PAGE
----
Southern Historical Society Papers, Volume 2. (ed. Reverend J. William Jones), General Lee's final and full report of the Pennsylvania campaign and battle of Gettysburg. (search)
General Stuart, with three brigades of cavalry, moved on Longstreet's right, and took position in front of the gaps. Hampton and Jones' brigades remained along the Rappahannock and Hazle rivers, in front of Culpeper Courthouse, with instructionsing a position west of Middleburg, where he awaited the rest of his command. General Jones arrived on the 19th, and General Hampton in the afternoon of the following day, having repulsed on his march a cavalry force sent to reconnoitre in the direc arrived in the afternoon of the following day and took position on General Ewell's left. His leading brigade under General Hampton encountered and repulsed a body of the enemy's cavalry at Hunterstown endeavoring to reach our rear. General Stuaysburg it engaged the enemy's cavalry with unabated spirit, and effectually protected our left. In this action Brigadier-General Hampton was seriously wounded while acting with his accustomed gallantry. Robertson's and Jones' brigades arrived on
Southern Historical Society Papers, Volume 2. (ed. Reverend J. William Jones), chapter 4.21 (search)
orch finished what the sword had left. For this vandalism he was promoted, while the humane McClellan was dismissed from his command. Such is Yankee civilization, humanity and christianity! The gentleman and scientific soldier is removed from power and disgraced, while the ruffian, robber, house and mill-burner and cattle thief is given higher office, lauded to the skies and made a hero of. It is matter of sincere congratulation that our chivalrous Southern leaders, Lee, Jackson, Stuart, Hampton, Rodes and others, are made of far different material from that which makes up the bloody butcher Grant, the bummer Sherman, the barn-burner Sheridan, the mulatto-women-lover Custer, and the degraded Beast Butler. November 8th Day of election for Northern President. Lincoln received 11,000 majority over McClellan in Baltimore. The Democrats were intimidated and kept away from the polls. November 9th The election news indicates that Lincoln and Stanton's bloody and despotic rul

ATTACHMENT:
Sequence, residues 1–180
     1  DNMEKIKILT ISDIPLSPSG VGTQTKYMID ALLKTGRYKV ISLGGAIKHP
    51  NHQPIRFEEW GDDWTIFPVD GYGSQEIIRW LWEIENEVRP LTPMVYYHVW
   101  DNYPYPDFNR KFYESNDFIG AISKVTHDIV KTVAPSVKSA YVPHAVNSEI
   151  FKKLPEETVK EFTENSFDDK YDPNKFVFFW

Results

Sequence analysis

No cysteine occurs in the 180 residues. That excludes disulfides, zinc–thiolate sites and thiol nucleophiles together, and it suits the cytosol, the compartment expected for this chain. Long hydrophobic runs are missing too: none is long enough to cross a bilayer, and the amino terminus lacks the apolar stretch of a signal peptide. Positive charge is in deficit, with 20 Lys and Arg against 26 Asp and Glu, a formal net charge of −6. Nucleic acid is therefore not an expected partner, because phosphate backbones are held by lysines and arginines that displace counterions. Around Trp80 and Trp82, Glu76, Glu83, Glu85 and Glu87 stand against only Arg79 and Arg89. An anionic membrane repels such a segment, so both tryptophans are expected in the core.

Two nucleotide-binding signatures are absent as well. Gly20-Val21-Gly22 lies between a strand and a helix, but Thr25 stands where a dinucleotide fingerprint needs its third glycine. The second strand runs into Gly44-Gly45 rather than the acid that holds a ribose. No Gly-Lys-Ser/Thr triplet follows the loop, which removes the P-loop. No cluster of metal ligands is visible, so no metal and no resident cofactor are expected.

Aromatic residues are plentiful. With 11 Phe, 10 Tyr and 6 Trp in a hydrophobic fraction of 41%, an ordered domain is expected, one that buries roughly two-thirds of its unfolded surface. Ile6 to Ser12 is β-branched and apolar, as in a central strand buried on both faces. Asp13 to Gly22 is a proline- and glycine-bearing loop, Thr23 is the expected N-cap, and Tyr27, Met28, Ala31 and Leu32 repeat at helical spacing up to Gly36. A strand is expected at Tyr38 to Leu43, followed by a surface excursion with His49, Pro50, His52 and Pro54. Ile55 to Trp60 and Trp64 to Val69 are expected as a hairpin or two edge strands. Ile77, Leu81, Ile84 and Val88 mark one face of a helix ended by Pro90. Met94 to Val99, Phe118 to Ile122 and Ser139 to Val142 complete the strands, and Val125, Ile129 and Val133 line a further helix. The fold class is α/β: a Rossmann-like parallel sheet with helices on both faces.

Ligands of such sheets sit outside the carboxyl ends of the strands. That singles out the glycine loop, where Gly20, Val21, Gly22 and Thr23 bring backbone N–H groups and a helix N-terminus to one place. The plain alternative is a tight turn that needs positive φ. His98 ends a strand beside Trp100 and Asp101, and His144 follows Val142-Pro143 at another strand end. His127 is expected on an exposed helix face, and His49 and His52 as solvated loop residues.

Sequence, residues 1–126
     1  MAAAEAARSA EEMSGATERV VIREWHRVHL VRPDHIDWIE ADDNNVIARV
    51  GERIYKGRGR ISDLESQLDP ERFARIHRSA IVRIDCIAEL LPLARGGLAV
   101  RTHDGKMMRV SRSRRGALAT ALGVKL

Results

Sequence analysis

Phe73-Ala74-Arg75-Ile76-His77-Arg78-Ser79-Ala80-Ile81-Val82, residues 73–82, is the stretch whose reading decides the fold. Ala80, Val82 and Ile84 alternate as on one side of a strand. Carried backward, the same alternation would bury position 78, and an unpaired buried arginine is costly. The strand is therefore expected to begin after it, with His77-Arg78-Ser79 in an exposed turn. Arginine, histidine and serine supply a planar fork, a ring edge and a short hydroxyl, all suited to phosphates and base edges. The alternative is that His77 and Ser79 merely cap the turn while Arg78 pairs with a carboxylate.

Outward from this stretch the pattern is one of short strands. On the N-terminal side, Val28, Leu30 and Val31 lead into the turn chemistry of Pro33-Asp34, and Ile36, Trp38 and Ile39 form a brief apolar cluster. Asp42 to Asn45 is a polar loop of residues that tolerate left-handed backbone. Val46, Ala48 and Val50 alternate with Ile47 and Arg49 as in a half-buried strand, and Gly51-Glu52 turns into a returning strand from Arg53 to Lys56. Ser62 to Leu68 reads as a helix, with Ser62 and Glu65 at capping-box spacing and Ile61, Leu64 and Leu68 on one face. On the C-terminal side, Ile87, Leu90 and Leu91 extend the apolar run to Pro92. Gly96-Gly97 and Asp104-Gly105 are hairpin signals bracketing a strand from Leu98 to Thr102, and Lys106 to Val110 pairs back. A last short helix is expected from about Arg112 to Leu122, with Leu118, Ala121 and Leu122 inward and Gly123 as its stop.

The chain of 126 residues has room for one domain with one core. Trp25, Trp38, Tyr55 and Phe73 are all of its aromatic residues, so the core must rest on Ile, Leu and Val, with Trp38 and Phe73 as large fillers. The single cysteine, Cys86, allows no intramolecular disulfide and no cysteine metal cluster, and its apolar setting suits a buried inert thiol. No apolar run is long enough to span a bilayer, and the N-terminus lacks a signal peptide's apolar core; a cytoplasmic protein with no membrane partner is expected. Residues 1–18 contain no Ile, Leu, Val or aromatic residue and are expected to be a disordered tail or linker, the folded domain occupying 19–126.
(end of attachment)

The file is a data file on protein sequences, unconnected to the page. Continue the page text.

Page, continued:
Southern Historical Society Papers, Volume 2. (ed. Reverend J. William Jones), chapter 6.34 (search)
been detached for the defence of Lynchburg, and the main body of his cavalry being absent under Hampton, he was compelled, like the Great Frederick, when Traun's Pandours enveloped Silesia in midnigh brought delay and redoubled his difficulties. At every step, indeed, the peril thickened, for Hampton, who had crossed the James, now came to W. H. F. Lee's help with a strong body of horse, and atg Commissary-General of the rich Commonwealth of Pennsylvania. Later (September 16th, 1864), Hampton made his brilliant cattle raid, in rear of the Army of Potomac, in which he inflicted consideraeral did, bears emphatic testimony to their gallantry in his official dispatch, and states that Hampton contributed largely to the success of the day. Lee's official dispatch, August 26th, 1864. my dispatch last evening, was made by three brigades under General Mahone in front, and by General Hampton in rear. Mahone captured 400 prisoners, 3 stands of colors, and 6 pieces of artillery. The